With our busy and chaotic lives, how lovely is it to come together with family and friends to have a sociable lunch or dinner, taking time out to connect, communicate and relax? It seems breakfast has also become a social occasion for many folk – meeting at a local coffee shop to start the day, who can resist the smell of bacon cooking? Food brings people together and is not only good for our nutritional state but unknowingly, supports our mental health too as we take time to talk, listen and come together. We underestimate the importance of mealtimes.

How many of us love to look through a recipe book and plan to cook a sweet treat or bake something – recipes that perhaps evoke memories from our past? We can cook whatever we want for a meal and can chose, maybe according to our mood, the weather, occasion, or time of year.

We create the mealtime experience as part of our daily routine and this is something we perhaps take for granted just how important it is in our day, for so many reasons. For those living in care settings, these moments are even more important to bring people together, but all too often it is such a busy time of the day, this can become just another task to be completed. Planning the meal, preparing the food and the table are all meaningful activities that can make a difference, especially for those living with dementia. But it doesn’t stop there – sitting down together and sharing the meal promotes togetherness, enjoyment, conversation, laughter and supports well-being. It is widely recognised that mealtimes are important events for both physical and social well-being. (Heikkilä et al 2022)

Imagine a mealtime at home where food is prepared and placed in front of you with no atmosphere, no choice or conversation – just silence whilst you eat, no sauces available to compliment your food or preference, the portion size is decided for you, too little or too much, then the plates are cleared away and everyone leaves the room?  How dull would that meal be, and would you want to come back for more?

I have been able to observe many mealtimes and seen both extremes from completely task orientated with zero atmosphere and no choice, through to a room filled with the smell of cooking, conversations, music, laughter and a very relaxed atmosphere and nobody was in a hurry to leave. What a contrast and I think it would have been an interesting study to compare the nutritional status of those people. My feeling is there would have been a marked difference.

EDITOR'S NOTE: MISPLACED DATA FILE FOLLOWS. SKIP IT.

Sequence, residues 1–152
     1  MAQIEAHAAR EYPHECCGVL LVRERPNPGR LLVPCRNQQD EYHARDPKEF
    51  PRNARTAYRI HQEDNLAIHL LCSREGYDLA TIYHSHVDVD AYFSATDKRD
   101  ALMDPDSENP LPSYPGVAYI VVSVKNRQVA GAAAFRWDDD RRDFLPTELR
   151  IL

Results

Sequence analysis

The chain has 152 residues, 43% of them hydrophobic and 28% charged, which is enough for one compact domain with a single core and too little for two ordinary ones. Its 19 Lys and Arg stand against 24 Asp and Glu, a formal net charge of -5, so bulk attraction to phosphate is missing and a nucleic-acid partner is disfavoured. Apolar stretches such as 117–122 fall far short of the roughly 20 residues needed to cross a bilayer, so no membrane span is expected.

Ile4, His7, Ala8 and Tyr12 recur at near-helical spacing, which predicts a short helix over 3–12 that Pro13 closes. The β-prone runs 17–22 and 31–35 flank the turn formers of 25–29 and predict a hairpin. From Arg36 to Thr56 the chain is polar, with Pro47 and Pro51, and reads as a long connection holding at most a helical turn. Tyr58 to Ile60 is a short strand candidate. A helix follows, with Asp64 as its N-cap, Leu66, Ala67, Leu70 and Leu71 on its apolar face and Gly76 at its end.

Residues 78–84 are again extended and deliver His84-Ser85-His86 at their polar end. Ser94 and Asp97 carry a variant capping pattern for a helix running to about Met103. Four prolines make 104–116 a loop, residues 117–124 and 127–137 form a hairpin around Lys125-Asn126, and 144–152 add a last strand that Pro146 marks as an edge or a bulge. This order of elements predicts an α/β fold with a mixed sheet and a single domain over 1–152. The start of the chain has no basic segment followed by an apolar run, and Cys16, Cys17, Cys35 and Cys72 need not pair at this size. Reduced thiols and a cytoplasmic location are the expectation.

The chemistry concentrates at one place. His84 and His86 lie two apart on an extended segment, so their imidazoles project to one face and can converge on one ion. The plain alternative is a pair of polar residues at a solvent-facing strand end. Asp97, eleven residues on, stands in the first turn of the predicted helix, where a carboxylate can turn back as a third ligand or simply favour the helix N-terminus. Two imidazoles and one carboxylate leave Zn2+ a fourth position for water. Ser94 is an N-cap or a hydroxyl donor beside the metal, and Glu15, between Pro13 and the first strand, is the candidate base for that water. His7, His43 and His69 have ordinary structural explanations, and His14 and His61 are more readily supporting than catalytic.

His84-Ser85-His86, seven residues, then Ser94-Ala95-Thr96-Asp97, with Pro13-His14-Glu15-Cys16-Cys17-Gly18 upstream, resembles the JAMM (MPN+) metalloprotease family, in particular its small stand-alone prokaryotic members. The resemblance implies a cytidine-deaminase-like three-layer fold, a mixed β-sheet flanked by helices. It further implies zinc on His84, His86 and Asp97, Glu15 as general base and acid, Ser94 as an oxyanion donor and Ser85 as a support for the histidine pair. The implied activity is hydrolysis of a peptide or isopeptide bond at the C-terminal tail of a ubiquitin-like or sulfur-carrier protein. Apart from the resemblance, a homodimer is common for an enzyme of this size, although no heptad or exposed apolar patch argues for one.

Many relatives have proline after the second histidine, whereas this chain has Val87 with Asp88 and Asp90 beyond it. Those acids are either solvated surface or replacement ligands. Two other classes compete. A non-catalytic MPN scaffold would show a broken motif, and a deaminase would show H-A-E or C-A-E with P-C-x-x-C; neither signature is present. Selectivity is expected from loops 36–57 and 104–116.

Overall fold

It has been recognised that the environment is a crucial factor that can have an impact upon people with dementia in terms of improving their quality of life. This can also be true of the dining environment. It has been suggested that a dining environment that is welcoming, relaxing and comfortable has the potential to increase food intake and social interaction, which can make the eating/feeding experience more enjoyable and thereby minimise eating/feeding difficulties in people with dementia living in care homes (Stone 2014)

We need to make mealtimes a meaningful event in the day, from the planning to the preparation and then sharing it together around a table filled with colour, happiness and conversation. We can promote independence with serving dishes and accessible condiments, a relaxing, calm atmosphere and music playing.

Simple changes can make a huge difference to people’s lives. Mealtimes are an opportunity to create something truly enjoyable and involve everyone. So be it cup of tea and a piece of cake, or a full menu providing choice, spending time together creates special moments.  How can we take more time to create more meaningful mealtimes both at home and at work, with family, friends and those we love and care for?

Associate Nurse Consultant, MCM


Kristiina Heikkilä PhD , Stefan Andersson PhD, Erika Lagerbielke, Carina Persson PhD, Anna Sandgren PhD, Carina Werkander Harstäde PhD; Mealtime interventions and their outcomes in care homes for older people considering the five aspects meal model: An integrative review. Geriatric Nursing Volume 47, September–October 2022, Pages 171-182

Louisa Stone; End of Life Journal, 2014, Vol 4, No 1; Clinical Practice Development

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